The Roc Nation artist shared some fun anecdotes, such as his memorable first meeting with Beyoncé. But much of the conversation covered the challenges Park faces in the music industry, particularly as an Asian American in Hip Hop.
View this post on Instagram
I dont really let fame or charts or views dictate who I am or I how I move or how I treat ppl. Went from being a bboy dancing on card boards to being in one of the biggest Boy bands in Korea to working at a used tired shop (that photo is the tire shop i used to work at) to coming back and starting two successful ass labels and being the first Asian person to be signed to Rocnation all the while being a good human being and always putting on and trying to elevate and progress and always giving back to my ppls and to the culture. I put my whole life into this and i think its safe to say nobodies done what I’ve done the way Ive done it. My legacy already set in stone and Ive paved my own way and Im happy that others are using the blueprint. Just talking my sh*t trying to motivate myself and others ? Realized I need to start playing the game more and that Im too mutha f*ckin chill lol ?? #aomg #h1ghrmusic #rocnation #artofmovement #Seattle2Seoul #talkyoshityoungasianman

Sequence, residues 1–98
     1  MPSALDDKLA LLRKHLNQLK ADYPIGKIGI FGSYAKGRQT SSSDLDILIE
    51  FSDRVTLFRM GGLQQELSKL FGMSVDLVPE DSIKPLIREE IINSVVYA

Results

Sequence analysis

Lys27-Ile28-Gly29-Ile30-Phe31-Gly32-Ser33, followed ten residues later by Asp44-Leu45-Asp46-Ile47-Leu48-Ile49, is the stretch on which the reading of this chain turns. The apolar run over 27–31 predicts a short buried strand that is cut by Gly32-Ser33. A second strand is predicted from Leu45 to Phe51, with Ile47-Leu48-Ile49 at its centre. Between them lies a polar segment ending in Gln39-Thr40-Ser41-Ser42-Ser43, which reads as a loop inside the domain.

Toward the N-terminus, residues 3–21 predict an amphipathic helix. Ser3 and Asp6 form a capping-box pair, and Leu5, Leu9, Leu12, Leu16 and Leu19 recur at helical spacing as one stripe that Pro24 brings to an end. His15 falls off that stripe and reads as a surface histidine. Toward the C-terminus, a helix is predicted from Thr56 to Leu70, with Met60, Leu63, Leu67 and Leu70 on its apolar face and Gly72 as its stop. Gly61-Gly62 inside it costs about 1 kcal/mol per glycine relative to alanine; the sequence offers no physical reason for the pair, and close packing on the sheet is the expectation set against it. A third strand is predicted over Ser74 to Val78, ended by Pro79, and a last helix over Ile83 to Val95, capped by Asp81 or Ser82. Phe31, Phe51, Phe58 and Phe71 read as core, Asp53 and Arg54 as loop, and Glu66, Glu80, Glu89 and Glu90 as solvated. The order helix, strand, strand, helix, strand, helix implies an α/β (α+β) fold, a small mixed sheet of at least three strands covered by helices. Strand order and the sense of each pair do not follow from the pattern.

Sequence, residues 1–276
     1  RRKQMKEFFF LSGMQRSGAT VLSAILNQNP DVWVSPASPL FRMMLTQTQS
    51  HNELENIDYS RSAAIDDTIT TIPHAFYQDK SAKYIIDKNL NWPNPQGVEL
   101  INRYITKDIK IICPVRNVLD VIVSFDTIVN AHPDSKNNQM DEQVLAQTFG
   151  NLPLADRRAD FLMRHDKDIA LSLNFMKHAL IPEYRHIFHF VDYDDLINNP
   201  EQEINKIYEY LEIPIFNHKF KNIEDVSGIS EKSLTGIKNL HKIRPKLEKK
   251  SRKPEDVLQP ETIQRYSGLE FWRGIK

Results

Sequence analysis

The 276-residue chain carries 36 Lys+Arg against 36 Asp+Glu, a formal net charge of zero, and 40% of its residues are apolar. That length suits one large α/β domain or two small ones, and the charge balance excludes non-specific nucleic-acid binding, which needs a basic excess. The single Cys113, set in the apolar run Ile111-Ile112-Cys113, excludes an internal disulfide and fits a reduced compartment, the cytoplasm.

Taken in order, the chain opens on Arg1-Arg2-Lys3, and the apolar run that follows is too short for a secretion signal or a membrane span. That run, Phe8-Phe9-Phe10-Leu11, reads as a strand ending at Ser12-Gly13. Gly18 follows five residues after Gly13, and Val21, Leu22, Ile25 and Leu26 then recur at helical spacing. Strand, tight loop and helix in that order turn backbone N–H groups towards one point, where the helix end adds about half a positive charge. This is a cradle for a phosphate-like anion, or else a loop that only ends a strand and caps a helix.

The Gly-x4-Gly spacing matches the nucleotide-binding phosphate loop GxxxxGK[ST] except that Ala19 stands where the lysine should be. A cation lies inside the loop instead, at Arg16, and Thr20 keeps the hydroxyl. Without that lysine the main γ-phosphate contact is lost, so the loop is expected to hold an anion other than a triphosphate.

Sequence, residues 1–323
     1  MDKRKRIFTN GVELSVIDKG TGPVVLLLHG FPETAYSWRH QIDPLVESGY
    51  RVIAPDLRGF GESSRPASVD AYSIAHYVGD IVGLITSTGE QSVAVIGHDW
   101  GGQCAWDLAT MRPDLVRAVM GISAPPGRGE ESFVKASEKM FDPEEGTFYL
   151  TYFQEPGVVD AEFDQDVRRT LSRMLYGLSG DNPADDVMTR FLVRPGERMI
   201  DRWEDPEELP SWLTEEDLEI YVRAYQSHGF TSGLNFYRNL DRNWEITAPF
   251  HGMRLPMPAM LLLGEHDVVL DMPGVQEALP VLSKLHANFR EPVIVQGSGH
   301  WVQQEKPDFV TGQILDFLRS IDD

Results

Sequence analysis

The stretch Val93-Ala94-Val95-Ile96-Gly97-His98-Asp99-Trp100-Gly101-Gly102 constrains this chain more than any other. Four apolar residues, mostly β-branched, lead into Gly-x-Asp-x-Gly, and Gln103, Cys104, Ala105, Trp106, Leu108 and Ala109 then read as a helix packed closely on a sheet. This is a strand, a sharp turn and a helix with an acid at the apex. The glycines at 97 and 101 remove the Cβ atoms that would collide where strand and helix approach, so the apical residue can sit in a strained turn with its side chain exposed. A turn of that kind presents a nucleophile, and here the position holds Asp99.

Park touched on one point of frustration: being deemed “too Korean” in America (and vice versa). He also spoke on the tremendous pressure of representing multiple communities and creating a lane as opposed to following a clear career path.
“I do not take it for granted, but it is a lot of pressure because it’s kind of like being the first of your kind,” he said. “There’s nobody you can look to for a real blueprint. So, it’s like every mistake you make, it’s gonna be that much bigger.
“I’m basically writing the blueprint as I go along. And also, I’m representing for a lot of different people — people from Seattle, Asian Americans, Koreans — and so I need to make sure I move right. That’s what I’ve been thinking about a lot these days.”
Watch the entire episode of Soulful Sundays above.